Helicopter Escape From Mountjoy Gaol – Irish Revolutionaries

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Helicopter Escape From Mountjoy Gaol

Helicopter Escape From Mountjoy Gaol

Halloween 1973, prisoners in the exercise yard of Mountjoy Gaol in Dublin are watching a football match. At 3:35 pm one of the prisoners Kevin Mallon begins signalling to something in the sky, suddenly a helicopter appears and lands in the yard.

The prison officers believing the Minister for Justice was visiting the Gaol didn't believe anything suspicious was going on until the prisoners surrounded the prison officers in the yard. This was no ministerial visit, it was a jailbreak, Irish Republican style.

The IRA GHQ had given the go-ahead to rescue three of its men held in Mountjoy Gaol, Kevin Mallon, Seamus Twomey and J. B. O'Hagan. Earlier plans to use explosives to blow them out were scuppered so a helicopter escape was hatched.

A couple of days earlier a man with an American accent calling himself Mr. Leonard approached the manager of Irish Helicopters at Dublin Airport, with a view to hiring a helicopter for an aerial photographic shoot in County Laois. After being shown the company's fleet of helicopters, Leonard arranged to hire a five-seater Alouette II for October 31st.

Leonard arrived at Irish Helicopters on October 31st and was introduced to the pilot of the helicopter, Captain Thompson Boyes. Boyes was instructed to fly to a field in Stradbally, in order to pick up Leonard's photographic equipment.

After landing, Boyes saw two armed, masked men approaching the helicopter from nearby trees. Boyes was held at gunpoint and told he would not be harmed if he followed instructions. Leonard left with one IRA vol, while the other vol climbed aboard the helicopter armed with a pistol and an Armalite rifle.

Boyes was instructed to fly towards Dublin following the path of railway lines and the Royal Canal and was ordered not to register his flight path with Air Traffic Control. As the helicopter approached Dublin, Boyes was informed of the escape plan and instructed to land in the exercise yard at Mountjoy Gaol.

As scuffles broke out between the prison officers and the prisoners, Kevin Mallon, Seamus Twomey and J. B. O'Hagan boarded the helicopter, as it took off a prison officer was heard shouting "Close the gates, close the fucking gates".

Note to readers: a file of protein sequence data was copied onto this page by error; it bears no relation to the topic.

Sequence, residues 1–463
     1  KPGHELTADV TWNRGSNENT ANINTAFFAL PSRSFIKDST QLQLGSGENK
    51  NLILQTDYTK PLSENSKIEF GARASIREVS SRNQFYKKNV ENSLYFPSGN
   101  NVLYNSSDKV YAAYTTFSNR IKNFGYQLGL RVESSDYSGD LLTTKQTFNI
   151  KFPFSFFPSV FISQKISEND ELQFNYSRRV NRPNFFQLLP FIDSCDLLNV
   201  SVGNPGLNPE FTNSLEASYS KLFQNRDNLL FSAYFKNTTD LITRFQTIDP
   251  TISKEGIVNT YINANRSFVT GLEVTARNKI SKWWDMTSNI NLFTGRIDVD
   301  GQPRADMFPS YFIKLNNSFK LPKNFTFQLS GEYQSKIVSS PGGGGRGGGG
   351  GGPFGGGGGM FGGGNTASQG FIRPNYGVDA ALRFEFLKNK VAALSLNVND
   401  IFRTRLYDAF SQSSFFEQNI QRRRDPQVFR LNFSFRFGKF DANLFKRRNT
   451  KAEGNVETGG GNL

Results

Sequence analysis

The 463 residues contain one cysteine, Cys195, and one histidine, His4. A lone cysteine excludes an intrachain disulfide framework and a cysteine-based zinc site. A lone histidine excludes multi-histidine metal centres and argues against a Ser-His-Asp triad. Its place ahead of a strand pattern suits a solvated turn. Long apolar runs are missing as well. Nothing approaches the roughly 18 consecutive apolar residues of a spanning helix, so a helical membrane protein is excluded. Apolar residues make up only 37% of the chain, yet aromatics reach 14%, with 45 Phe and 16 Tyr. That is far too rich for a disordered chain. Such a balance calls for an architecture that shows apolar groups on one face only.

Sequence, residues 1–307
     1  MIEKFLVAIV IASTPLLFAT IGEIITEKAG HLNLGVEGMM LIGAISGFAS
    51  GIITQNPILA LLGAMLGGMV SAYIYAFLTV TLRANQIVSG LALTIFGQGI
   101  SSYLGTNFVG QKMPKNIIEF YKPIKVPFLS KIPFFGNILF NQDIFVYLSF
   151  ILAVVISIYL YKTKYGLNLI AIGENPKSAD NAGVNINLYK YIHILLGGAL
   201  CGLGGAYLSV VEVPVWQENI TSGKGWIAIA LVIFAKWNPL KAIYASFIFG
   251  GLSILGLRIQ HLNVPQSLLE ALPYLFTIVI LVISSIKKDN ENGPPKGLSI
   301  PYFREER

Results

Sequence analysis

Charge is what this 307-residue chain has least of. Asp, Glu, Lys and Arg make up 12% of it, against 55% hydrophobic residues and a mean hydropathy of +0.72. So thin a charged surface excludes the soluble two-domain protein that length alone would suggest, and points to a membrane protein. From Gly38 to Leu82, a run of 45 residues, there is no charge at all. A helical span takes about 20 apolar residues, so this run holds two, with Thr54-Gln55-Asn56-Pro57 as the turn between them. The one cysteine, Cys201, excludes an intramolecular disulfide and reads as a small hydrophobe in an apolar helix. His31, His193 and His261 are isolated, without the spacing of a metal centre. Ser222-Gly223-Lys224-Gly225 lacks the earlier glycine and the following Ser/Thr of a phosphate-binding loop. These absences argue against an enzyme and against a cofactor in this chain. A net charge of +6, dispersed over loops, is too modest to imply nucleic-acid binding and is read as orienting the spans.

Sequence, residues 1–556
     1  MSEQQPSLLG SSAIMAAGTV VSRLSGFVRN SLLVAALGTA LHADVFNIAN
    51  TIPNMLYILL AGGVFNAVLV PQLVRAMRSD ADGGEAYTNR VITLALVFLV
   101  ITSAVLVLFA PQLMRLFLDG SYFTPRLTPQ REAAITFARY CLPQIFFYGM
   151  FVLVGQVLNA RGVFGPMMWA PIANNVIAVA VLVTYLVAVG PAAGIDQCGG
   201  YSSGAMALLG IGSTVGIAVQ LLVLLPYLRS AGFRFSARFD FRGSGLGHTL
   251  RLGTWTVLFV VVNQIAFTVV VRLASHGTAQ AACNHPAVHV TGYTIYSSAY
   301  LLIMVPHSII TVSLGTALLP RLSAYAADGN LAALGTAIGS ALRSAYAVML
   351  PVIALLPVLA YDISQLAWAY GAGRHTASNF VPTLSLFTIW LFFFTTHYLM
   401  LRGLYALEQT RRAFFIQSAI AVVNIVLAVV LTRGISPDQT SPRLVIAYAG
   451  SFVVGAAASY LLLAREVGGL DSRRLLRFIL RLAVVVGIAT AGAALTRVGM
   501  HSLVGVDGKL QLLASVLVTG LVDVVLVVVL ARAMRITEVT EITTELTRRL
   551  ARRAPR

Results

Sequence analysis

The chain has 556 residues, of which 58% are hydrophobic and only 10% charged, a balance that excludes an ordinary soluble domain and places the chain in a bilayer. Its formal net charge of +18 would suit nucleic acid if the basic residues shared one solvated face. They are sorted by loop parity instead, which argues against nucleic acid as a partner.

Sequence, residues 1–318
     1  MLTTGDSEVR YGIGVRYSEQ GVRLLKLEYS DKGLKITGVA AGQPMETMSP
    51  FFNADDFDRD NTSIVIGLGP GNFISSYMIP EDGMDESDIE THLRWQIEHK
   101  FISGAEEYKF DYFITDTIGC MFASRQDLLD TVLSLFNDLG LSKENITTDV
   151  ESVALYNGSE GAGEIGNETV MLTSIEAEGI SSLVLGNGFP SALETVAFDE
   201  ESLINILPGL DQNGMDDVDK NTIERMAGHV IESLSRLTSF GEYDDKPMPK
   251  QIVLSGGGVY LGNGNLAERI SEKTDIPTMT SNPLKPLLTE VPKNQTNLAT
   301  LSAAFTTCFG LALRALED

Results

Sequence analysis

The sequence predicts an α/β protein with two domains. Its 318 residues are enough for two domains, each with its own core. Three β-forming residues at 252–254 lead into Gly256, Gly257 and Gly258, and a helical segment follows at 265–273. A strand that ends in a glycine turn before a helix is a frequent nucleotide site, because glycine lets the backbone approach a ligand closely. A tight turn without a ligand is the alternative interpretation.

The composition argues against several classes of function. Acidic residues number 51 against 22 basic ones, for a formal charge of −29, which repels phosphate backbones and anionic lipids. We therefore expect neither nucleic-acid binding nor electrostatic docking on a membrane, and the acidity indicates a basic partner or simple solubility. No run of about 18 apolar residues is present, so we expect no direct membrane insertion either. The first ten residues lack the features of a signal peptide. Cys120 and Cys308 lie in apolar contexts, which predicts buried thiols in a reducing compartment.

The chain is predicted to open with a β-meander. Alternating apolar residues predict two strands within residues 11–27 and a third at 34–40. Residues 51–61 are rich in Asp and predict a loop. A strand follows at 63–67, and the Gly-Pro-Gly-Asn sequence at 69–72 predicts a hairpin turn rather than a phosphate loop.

The helicopter flew north and landed at a disused racecourse in the Baldoyle area of Dublin, where the escapees were met by members of the IRA's Dublin Brigade. The escapees were transferred to a taxi that had been hijacked earlier and transported to safe houses.

The escape was a huge embarrassment to the pro-British Fine Gael "Government" as it made headlines around the world. The IRA released a statement which read "Three republican prisoners were rescued by a special unit from Mountjoy Prison on Wednesday. The operation was a complete success and the men are now safe, despite a massive hunt by Free State forces."

A couple of weeks after the escape The Wolfe Tones released a song called "The Helicopter Song" which went straight to number 1 in Ireland despite being banned by the national broadcaster RTE.

And its up like a bird and its over the city
3 men are missin' I heard a warder cry
It must have been a bird that flew into the prison
Or one of these new ministers says
The warder in the joy

Early one mornin' as the branchmen were sleepin'
A little helicopter it flew across the sky
And down into the yard where some prisoners were walkin'
Get ready for inspection said
The warder in the joy


Over in the Dáil they were drinkin' gin and brandy
The minister for justice was soakin' up the sun
When along came the news that some prisoners were escapin'
I think its 3 of the provos said
The warder in the joy


We'll search every home search every nook and cranny
Let no man rest until these men are found
For this cannot happen to a law and order government
I think you'll never find them said
The warder in the joy

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